Where’s the bathroom?

Tragically, there are very few public toilets in Rome (hence the horrible odor you’ll encounter near alleyways and on the beautiful but isolated Lungotevere (banks of the Tiber). The few that are available can be nasty indeed.

Where can I find a public bathroom in Rome?

A few train stations have them, usually requiring a €1 coin to enter, but rarely any Metro stations. Some of these are even clean-ish, particularly in Termini. All museums have them (usually well maintained) and there is one particularly spotless example in Villa Torlonia. Shopping malls – themselves quite rare – such as Rinascente and Coin may have them too.

There’s also a new scheme for fancy tourist information booths that also have (clean) bathrooms in them – known, no coincidence, as P.Stop.

Finally if you’re really worried, there’s an app for Android and iOS that gives you a map of the city with the nearest bathrooms shown and details about them (Italian language only though). Be warned though: many will be shut, and the ones that are open are very unlikely to be sanitary.

So what do Rome locals do when they need the bathroom?

One of the things to understand about the locals in Rome is that they rarely poop away from home. This is partly because the use of the bidet is so embedded into personal hygiene practices (by law all houses must have a bidet as well as a toilet) that for many people, doing a ‘number two’ without cleaning up after using soap and water is almost unthinkable.

This reduces the need for public bathrooms in the city. And their lack probably increases the local population’s almost supernatural ability to hold it in.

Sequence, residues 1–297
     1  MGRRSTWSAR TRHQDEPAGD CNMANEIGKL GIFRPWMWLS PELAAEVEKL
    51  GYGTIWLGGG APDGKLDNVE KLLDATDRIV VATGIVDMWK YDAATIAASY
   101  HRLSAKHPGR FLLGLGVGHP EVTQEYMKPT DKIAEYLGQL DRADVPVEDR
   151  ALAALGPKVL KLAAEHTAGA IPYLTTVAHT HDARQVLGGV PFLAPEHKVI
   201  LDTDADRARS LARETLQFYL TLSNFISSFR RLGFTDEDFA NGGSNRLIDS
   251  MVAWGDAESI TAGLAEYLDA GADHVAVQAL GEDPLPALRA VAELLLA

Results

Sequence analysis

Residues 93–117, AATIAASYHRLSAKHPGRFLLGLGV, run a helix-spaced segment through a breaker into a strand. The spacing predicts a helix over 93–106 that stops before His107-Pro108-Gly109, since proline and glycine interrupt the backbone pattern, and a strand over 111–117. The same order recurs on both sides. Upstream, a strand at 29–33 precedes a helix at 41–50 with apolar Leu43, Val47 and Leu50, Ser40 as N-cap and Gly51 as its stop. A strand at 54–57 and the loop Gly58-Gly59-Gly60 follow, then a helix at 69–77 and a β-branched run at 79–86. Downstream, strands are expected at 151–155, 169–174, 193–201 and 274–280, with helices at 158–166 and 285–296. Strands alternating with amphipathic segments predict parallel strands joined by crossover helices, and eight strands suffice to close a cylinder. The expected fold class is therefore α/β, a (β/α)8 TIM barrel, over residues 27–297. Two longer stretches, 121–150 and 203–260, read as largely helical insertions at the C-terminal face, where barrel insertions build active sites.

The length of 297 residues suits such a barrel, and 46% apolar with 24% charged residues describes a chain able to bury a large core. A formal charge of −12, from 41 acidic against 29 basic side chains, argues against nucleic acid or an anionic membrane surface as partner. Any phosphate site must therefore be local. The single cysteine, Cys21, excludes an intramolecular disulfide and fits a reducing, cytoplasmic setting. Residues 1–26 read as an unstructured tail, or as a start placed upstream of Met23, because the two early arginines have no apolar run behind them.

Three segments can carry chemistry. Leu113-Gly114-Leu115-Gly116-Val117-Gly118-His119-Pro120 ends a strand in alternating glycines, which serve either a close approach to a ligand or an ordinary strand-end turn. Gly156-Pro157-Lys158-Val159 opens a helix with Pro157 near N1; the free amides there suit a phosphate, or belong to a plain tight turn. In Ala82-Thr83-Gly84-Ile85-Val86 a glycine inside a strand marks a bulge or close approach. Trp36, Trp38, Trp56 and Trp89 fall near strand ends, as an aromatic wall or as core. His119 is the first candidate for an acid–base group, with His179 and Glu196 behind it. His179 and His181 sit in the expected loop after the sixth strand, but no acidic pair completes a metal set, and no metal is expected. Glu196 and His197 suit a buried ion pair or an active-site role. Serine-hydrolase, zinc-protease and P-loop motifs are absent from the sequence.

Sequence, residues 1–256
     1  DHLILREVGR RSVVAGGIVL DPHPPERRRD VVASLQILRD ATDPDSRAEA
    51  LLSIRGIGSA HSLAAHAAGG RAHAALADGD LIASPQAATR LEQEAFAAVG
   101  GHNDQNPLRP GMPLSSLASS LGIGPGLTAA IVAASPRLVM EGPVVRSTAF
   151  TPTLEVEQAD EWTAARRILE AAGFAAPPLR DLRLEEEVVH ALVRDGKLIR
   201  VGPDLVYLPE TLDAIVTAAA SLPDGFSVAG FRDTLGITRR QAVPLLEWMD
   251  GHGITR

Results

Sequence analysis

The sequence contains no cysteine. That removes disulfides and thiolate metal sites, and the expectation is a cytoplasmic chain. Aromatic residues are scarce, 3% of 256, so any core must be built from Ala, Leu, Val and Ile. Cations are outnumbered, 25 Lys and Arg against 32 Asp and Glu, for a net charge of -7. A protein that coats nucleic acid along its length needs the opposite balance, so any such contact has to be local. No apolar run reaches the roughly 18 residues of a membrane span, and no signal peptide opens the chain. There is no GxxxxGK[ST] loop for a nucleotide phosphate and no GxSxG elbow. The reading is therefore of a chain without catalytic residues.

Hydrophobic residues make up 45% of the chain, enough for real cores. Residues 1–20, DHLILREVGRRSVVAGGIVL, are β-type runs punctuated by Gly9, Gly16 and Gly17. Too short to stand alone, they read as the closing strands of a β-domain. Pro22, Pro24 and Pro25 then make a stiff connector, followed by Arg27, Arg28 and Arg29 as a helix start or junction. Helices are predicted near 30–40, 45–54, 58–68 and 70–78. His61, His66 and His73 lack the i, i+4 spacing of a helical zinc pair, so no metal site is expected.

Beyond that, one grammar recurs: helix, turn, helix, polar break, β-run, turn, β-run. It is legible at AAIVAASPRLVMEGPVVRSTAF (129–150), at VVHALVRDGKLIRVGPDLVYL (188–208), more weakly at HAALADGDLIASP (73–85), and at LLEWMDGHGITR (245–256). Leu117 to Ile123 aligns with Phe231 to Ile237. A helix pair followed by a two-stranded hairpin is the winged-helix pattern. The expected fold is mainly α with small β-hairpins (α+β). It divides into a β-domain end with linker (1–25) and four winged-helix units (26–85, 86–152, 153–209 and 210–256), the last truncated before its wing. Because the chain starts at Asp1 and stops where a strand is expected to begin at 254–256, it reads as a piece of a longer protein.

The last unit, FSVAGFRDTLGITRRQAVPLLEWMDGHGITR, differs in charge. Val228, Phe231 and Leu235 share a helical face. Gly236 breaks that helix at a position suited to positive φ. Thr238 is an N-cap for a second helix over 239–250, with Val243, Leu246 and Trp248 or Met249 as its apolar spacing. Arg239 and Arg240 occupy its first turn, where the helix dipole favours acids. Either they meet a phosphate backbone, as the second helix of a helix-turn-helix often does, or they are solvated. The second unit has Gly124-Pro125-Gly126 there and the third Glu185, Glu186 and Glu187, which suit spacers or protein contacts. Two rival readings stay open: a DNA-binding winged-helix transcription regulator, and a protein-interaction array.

If a Roman is ‘caught short’ they will tend to go to a bar (the word for café here) and use the bathroom there. By law, as part of their licensing conditions, every bar must allow their customers to use the bathroom – though customers only. They’re not obliged to allow free use to anyone who just walks in off the street. To become a customer, even if you’re not in the mood for another coffee, buying a small bottle of water or a pack of gum will suffice.

In practice this can prove fraught, as in highly trafficked areas you may sometimes find that “the bathroom is out of order”.

If this should happen, some locals have told me you should mention the cops (“vigili“), since it is illegal to have premises with tables for eating or drinking without viable bathroom facilities. 

Our advice is, find another bar. If it’s a crowded, busy bar then you can probably just walk in, scope out where the bathroom is, and brazen it out – my thinking being, what’s the worst they can do if you’ve already made it into the stall – shout at you as you leave?

However if it’s a small/quiet place, then it’s polite to ask to use the bathroom: “posso usare il bagno?” (POSS-oh oo-ZAR-eh eel BAN-yo?) or just ask where the bathroom is: “dov’è il bagno?” (doh-VEH eel BAN-yo?), but to be really polite then you should indeed buy a coffee, a bottle of water, or a pack of gum, then ask to use the bathroom and they’ll be perfectly happy to allow you.

People also try to use bathrooms in pubs, or fast food joints McDonald’s (though recently a receipt has been required to get a code for the door), or hotel lobbies – for the latter you need to look like you belong there.

Our advice: go before you leave, plan in advance, download the app, and carry small change in case of necessity.

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Photo credit: AFP

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